Michelin-starred Turducken, anyone? Chef Ryan McCaskey busts out all the stops for his gourmet Thanksgiving feast. In addition to the bird-in-a-bird-in-a-bird, there will be French onion soup and green bean casserole. A children’s menu and wine pairings are also available.
When it comes to preparing a quality bird, few do it better than chef Paul Fehribach of Big Jones. For Thanksgiving, he breaks out the big gun known as a deep-fried turkey surrounded by mashed potatoes and Brussels sprouts. The four-course, family-style meal finishes with squash pie and elderflower water truffles.
Call this the bargain-hunter’s Thanksgiving. Get treated to a smoked turkey platter featuring a hickory-smoked turkey breast, cornbread, and sage stuffing, mashed potatoes, gravy, and cranberries for the low, low price of $17. That leaves plenty of pocket change for a Lone Star or KY High Holiday (bourbon, honey, lemon, and Redd's Apple Ale).
Sure, your mom can prepare Thanksgiving dinner for you, or you can let chef Pete Coenen do it and the corn bread stuffing definitely won’t be soggy. His family-style is stacked with mushroom porridge or spinach and chicory salad, roasted turkey, roasted garlic mashed potatoes, candied yams, and pumpkin cheesecake. Wine and beer pairings are available, but they’re going to cost you.
This Frenchie bistro is going all-American for Thanksgiving with a family-style feast featuring chef Matt Ayala’s take on green bean casserole, cheesy potato gratin, baked Brussels sprouts, roasted turkey, and pumpkin pie.
Price: A la carte
Manga! Wait, wrong toast. Oh well, who says you can’t eat pasta on Thanksgiving? Have a very Italian-American holiday with butternut squash soup with pancetta and cinnamon cream, roasted heirloom carrot salad with whipped goat cheese, risotto with braised pork belly, and rosemary roasted turkey breast with focaccia stuffing.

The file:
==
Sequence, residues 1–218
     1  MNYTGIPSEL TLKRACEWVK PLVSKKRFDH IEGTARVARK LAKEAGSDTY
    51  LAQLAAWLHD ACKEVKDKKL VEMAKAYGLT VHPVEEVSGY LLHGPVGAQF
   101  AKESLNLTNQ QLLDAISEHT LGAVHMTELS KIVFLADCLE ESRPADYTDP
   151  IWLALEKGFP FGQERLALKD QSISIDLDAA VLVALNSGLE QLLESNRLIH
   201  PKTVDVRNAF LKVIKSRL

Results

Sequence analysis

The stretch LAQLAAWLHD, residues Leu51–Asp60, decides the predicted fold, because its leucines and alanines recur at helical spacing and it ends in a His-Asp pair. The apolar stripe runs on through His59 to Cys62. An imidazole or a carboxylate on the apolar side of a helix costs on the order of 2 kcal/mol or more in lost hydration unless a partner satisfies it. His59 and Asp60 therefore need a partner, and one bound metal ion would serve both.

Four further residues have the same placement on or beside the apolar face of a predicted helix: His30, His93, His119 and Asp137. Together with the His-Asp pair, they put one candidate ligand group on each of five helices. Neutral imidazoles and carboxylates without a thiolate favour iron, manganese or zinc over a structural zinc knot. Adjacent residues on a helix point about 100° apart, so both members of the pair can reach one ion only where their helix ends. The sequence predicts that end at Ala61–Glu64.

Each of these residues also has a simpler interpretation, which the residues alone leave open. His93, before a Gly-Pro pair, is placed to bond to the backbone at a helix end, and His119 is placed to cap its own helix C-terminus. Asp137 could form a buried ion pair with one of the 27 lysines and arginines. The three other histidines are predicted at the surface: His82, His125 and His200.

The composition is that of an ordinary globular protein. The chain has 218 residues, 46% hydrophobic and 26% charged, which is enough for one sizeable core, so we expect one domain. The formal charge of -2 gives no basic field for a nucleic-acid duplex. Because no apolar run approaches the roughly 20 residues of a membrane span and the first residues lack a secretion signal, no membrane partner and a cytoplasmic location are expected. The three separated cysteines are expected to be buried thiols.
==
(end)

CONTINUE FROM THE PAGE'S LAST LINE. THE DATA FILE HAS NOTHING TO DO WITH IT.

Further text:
Belly up to the “longest Thanksgiving buffet with a view,” a view that's not your uncle Morty's hideous sweater, but instead, it's of lobster mezzalune. For those who want to travel the more authentic route, the buffet will also feature a turkey carving station roasted butternut squash soup, sweet potato puree, bourbon glazed carrots, and pumpkin. PS: The game will be on in the lounge.
Back by popular demand, it’s a very Longman Thanksgiving. The Logan Square favorite carries on its annual tradition by carving roasted heritage turkey and serving it alongside green bean casserole, bourbon and orange cranberry sauce, as well as chestnut foie gras stuffing. The recommend pairing with the bourbon sauce is more bourbon.
Price: A la carte
Your Thanksgiving wish is about to come true. Thanksgiving pizza: It’s happening and will be covered in smoked turkey, cranberry, white sauce, mozzarella, and provolone for $10. Feel free to pair that masterful creation with $4 Strongbow, $4 Heineken, or $4 Jameson Black while watching the Steelers play the Colts.
Price: A la carte
This Thanksgiving, it’s time to get classy. Ain’t no grandma’s canned cranberry here, just turkey roulade ($45) with green bean casserole and sweet potato gratin upstairs in the dining room or turkey breast with mashed potatoes and gravy, stuffing, and Brussel sprouts ($35) downstairs at Eight Bar.